5. 5. our piece The story of mass collaboration: a lot of time thinking about what this tech- What the world thinks – our new researchbringing down the hierarchy on page 17 nology can do and how best to deliver it. We also have the results of a special surveyby technology writer Lewis Dowling. Could They know the full range of collaboration commissioned from Davies Hickman by BTyour organisation be bold enough to throw tools first-hand and they know how they Global Services. Called ‘The Collaborationopen its frontiers? can help people work better. From instant Paradox’, it’s packed with insights into how messaging to virtual ‘white-boarding’, from executives are using unified communica-The joined-up world: how it’s evolving desktop sharing to telepresence. tions. And you’ll find statistics from theand the questions it poses Andrew Small relates how he was first survey scattered through the paper. Would you think of film making as one of impressed by UC when, during a work It’s all part of a vision of a world joinedthe most collaborative industries? Find out discussion, a business contact launched an up to make the most of its the movie world is leading the way in instant teleconference from his laptop to A world connecting for a better article by business writer Dave Madden resolve a problem. And – just as Don Tapscott said in hiswho also reveals how pharmaceutical David Dunbar shares his insights into the foreword – we hope you’ll join in.companies are teaming up to overcome the power of hot-desking. When he books aprohibitive costs of launching new drugs. desk online at a BT building he never knows(page 6 Which industries are best at collab-orative working?). who he’ll be sitting next to and makes sure “ he people who really T to add them to his contact list. In the new collaborative workplace, Emails are dead, says Nicola Millard, who understand unifiedworkers seem to want something differentfrom their leaders. Knowledge workers, who embraces IM and social media as ways of building trust in virtual teams. communications … itsare used to sharing their information andideas in online forums, won’t respond well And Christine Vincent is keeping up potential, its scope, even with trends in the world of mobile devicesto the old command-and-control model. and is excited about MAMs – that’s when its dangers … are going toSee what that means for your leader-ship style in Dave Madden’s second piece, organisations develop their own enterprise- be more successful than level applications specifically for their lineRe-thinking leadership in a collaborativeworld on page 9. of work. everyone else.” Then there’s psychologist Alex Fradera,who shares his thoughts on the person-ality types that will get ahead in the newcollaborative work environment. In Theperfect virtual workmate on page 12, hesays that the perfect team is made up ofpeople who are extroverted, emotionallystable, keen to cooperate and conscien-tious – which is a long way from the highlypolitical, combative organisations once thenorm. How close is your organisation to thenew model, and what can unified commu-nications help you do to get there? In parallel with the technology comesthe rise of the people who’ve grown upwith it. Technology writer Alun Lewis thinksabout the differences that the youngergeneration of ‘digital natives’ will bringto the workplace (page 14 How the nextgeneration works). Are you providing the right environmentfor Generation Y to flourish?Doing more, working smarterAlongside those trends, we talk about the The new generation doesn’t worry about where they are or what they’re working on, they just want totools. Our BT Global Services experts spend connect face-to-face. The great technology take­­­-up 5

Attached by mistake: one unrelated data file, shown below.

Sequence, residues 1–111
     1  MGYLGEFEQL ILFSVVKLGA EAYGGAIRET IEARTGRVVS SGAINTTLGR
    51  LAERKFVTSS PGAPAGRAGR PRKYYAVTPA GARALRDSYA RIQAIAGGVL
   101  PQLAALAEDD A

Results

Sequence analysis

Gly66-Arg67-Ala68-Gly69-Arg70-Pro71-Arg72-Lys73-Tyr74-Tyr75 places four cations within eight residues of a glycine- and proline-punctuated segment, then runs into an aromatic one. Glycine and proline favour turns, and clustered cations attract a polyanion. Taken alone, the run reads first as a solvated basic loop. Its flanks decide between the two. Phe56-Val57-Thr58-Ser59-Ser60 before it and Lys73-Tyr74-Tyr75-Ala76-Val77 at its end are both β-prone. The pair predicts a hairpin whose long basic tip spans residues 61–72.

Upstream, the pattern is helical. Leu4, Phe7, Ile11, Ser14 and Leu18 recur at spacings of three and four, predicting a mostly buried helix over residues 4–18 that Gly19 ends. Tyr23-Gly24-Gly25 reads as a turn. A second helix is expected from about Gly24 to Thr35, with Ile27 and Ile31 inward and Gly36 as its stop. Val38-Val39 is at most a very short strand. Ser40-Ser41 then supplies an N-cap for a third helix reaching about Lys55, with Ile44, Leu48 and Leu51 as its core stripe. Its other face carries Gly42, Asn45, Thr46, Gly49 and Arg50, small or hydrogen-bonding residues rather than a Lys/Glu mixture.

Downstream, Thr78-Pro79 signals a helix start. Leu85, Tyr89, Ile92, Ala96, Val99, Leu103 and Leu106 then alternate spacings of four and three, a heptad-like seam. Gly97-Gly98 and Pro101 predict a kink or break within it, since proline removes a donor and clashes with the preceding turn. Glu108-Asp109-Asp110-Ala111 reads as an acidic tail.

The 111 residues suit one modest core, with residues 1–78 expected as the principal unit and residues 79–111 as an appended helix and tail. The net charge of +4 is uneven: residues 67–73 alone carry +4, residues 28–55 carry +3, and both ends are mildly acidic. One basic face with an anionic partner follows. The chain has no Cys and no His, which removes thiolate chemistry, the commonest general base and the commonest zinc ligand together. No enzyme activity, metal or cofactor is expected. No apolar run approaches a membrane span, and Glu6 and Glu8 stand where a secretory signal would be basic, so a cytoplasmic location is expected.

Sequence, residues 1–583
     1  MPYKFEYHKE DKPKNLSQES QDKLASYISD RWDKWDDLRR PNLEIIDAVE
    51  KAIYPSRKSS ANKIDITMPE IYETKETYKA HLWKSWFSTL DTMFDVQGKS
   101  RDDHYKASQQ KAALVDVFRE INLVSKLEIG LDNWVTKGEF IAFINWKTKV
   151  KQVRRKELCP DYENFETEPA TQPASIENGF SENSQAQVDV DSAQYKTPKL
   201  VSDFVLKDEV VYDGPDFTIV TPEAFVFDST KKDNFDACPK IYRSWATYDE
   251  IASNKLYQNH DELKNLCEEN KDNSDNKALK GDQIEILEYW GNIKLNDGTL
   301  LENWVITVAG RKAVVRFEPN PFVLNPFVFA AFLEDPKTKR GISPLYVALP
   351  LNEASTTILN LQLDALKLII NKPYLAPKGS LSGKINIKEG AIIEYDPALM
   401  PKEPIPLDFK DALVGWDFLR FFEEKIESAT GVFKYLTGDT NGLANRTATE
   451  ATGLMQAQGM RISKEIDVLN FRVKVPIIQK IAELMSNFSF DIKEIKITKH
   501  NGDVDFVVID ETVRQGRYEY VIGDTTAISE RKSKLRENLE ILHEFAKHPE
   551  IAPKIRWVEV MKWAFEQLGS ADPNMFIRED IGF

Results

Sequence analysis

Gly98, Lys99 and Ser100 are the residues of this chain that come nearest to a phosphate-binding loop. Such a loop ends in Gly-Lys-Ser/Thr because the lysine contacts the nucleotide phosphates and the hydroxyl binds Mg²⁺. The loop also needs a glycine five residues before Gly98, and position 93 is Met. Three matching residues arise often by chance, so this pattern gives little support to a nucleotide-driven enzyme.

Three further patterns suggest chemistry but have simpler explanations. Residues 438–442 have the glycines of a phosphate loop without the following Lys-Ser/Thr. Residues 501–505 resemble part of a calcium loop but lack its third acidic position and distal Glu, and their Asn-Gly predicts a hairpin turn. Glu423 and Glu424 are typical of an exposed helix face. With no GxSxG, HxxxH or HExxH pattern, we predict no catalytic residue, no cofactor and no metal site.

6. 6. Which industries are best at collaborative working? Organisations are learning from the film industry that collaboration works. It’s pragmatic, it spawns ideas and it can even save time, writes Dave Madden reality. It even provides lifelike manikins on which to try out new things. The way prod- ucts might fail, how they could be fixed and how they can be taken apart for disposal can also be modelled with the system. Then there’s the more traditional envi- ronment of car manufacturing. Next year should see the launch of The StreetScooter. It’s not actually a scooter at all, but a $7,000 German electronic car. DHL has already ordered 3,500 of them – but what’s most interesting about the vehicle is how it came to be designed and made. More ideas in less time It’s the product of collaboration between some 50 specialist parts suppliers, tech- nology companies and software developers. Geographically dispersed, they used product lifecycle management and CAD software as a substitute for the everyday coordination of a large, integrated company. The project F ilm making is now invariably a complex series of creative, technical and financial collaborations. uses the Windchill product development suite from PTC. T wenty-five to thirty-five years? Six feet tall? Male? Some martial arts experience? You could be the next Batman. Collaborative technologies brought together 50 Unusually, instead of one manufac- turer dictating its designs to suppliers, all the companies had equal status, and could How do I know this? It’s just one of the provide input. They were also all involved in roles on offer at the unfortunately named geographically dispersed the collaboration from the start, which, a network of inde- suppliers to create a is quite foreign to conventional manufac- pendent film collaborators. turing models. Film making has been an increasingly successful new car. The StreetScooter and its novel collaborative process since the demise of design and production process are the the studio system 50 years ago, and in an brainchild of Professor Achim Kampker, California in 2008, Tongal members have age of Computer Supported Cooperative of Aachen University. generated creative content for brands from Work (CSCW), of internet driven hyper- Each of the collaborators on the project Braun to The Beach Boys. specialisation, film making is now invariably were organised into a lead engineering a complex series of creative, technical and From movies to manufacturing group (LEG), made up of experts in each of financial collaborations. Film and advertising have a natural free- the vehicle’s components. “Everyone is on In fact Shootingpeople is just one of lance element and specialisation that lends a par with each other. Everyone can bring dozens of internet-based services built for itself to collaboration. But there are signs in ideas to radically try whatever makes film-making communities: Crews TV (for that more conventional businesses and sense,” said Kampker, and one result of this freelance film crews), Mandy (production production processes are being influenced collaborative process was that, perhaps jobs hub), Plotbot (a tool for scriptwriters to by CSCW too. counter-intuitively, the first physical proto- work together), IndieGoGo and Kickstarter The application of social media systems type of the car was built in “12 months (crowd-funding for film makers) … the list is is changing the way some technology firms rather than 12 years”. virtually endless, and endlessly virtual. function internally. The collaborative method in the Where film goes, the advertising industry Dassault Systèmes, a French software StreetScooter’s production is echoed in is rarely far behind, and this is true of firm, has allowed customers to actually the car’s design. It is a modular vehicle, internet-based collaboration too. take part in their production process. It has with parts that can be added, removed Tongal is a social media platform that, in created an online virtual environment in and reused. Even the batteries are leased essence, crowd-sources TV ads and videos which employees, suppliers and consumers separately so that fleets don’t have to deal through collaborative contests. Founded in can work together to turn new ideas into with maintenance.6 The great technology take­­­-up